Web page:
It’s been a busy spring for the teachers’ unions. In the midst of widespread teacher walkouts and strikes in six states, the unions are preparing for what is expected to be a major blow issued by the U.S. Supreme Court.
Janus v. American Federation of State, County, and Municipal Employees Council 31—which the Supreme Court justices are likely to decide next month—could essentially turn the public sector into a right-to-work zone. That would mean public-employee unions could no longer charge “agency” or “fair-share” fees to workers who choose not to join but are still represented in collective bargaining. Currently, public employees pay such fees in 22 states. Onlookers say the high court, which skews to the right, will likely side with the plaintiff, leaving unions preparing for a loss of revenue dollars and membership.
Education Week sat down with American Federation of Teachers President Randi Weingarten recently for a conversation about the recent wave of teacher activism and how the unions are preparing for the Janus decision.
This interview has been edited for length and clarity.
Why do you think these teacher walkouts are happening now?
I think that people saw that things were not going to get better if they didn’t put it into their own hands. The Women’s Marches and what happened in West Virginia [with the successful teacher strike] gave people hope that if they worked in concert with each other, communities would support them to get to more investment, and more investment would lead to better teaching and learning conditions and an ability to be on a path to a living wage.
I also think it’s rooted in what happened in November 16. That what Trump did actually woke a lot of people up. ... The advocacy to shake everything up didn’t simply shake up his proponents but shook up his opponents and stirred them into action.
The need has been there for a long time. What’s different is the alchemy, the chemistry that helped inspire the first of these and then the domino effect. It’s been inspiring, it’s been great, it’s been wonderful, but it’s only—we’ve had moments before: The Arab Spring, Occupy Wall Street. How do you then make sure that this is not just a moment, but a movement for change?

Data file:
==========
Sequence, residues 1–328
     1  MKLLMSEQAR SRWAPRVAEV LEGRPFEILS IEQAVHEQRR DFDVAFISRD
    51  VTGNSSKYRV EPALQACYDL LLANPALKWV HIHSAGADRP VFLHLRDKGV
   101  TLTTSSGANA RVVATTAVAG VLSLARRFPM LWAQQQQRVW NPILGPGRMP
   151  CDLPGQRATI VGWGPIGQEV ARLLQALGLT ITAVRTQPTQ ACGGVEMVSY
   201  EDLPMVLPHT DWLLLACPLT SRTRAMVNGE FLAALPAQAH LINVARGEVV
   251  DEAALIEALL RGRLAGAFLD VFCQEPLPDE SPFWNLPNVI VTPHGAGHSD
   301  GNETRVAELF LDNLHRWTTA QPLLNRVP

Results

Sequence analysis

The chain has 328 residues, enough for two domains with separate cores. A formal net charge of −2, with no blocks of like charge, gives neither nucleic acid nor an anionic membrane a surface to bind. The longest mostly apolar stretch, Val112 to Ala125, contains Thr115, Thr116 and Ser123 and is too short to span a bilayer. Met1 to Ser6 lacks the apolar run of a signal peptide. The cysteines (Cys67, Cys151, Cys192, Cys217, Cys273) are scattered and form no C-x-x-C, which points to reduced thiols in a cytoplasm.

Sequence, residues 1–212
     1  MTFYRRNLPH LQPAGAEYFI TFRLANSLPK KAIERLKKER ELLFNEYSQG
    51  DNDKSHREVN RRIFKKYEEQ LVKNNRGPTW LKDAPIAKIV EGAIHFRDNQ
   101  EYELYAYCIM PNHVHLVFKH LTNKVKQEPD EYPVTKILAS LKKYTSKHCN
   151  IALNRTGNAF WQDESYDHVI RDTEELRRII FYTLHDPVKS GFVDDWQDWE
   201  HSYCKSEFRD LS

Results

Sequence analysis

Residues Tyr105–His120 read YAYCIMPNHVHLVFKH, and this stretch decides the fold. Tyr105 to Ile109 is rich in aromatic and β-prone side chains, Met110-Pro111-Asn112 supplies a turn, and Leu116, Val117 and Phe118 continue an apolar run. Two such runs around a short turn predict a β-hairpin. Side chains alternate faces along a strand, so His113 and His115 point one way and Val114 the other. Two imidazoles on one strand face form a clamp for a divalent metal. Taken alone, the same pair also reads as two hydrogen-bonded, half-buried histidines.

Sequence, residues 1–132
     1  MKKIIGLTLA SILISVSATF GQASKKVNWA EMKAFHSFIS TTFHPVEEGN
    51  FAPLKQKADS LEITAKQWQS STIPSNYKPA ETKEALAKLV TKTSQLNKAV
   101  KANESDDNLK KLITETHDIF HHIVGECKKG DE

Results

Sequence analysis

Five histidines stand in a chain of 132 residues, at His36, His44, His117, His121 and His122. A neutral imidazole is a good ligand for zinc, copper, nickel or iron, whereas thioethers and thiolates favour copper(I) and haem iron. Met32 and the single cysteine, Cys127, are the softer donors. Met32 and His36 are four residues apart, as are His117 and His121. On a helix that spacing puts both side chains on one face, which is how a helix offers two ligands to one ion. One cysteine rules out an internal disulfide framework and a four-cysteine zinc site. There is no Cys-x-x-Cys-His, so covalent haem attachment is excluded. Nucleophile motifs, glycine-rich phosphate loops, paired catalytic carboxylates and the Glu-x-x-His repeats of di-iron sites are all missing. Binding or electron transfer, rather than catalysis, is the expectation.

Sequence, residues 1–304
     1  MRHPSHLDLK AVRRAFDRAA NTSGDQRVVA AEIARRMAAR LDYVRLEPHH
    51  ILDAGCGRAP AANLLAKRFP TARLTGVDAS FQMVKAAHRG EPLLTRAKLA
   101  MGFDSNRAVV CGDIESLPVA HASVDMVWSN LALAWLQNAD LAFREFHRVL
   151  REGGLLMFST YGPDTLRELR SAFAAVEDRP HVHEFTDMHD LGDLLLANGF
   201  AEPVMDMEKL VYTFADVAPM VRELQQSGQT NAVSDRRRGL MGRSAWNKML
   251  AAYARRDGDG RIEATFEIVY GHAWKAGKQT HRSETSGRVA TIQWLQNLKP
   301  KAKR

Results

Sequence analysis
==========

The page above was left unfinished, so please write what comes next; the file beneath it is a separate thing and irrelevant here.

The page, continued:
Do you see this happening in other states?
In school speak, it’s close to the end of the year now, and you really have to plan these things. So do I think these will happen elsewhere? Yes. Will they happen in the first week of June? Probably not.
But I think what you’re going to see is a lot of focus on the summer now in terms of elections. We have over 200 members running for office. “Remember in November” is not a saying, it’s a movement.
The Supreme Court will decide Janus soon. Obviously, this is all coming at an interesting time for the unions...
It’s so Dickensian. It’s like the best of times and the worst of times. Janus is both a huge challenge and a huge opportunity. I mean, I certainly wouldn’t have wanted the case.
And the fact is, this case was settled law. Rarely is there a situation where a next-generation Supreme Court overrules or changes precedent of a unanimously decided opinion. This is a completely ideological movement to end unions as we know it and to redefine the First Amendment as a weapon against people. And that’s what some of those justices are trying to do.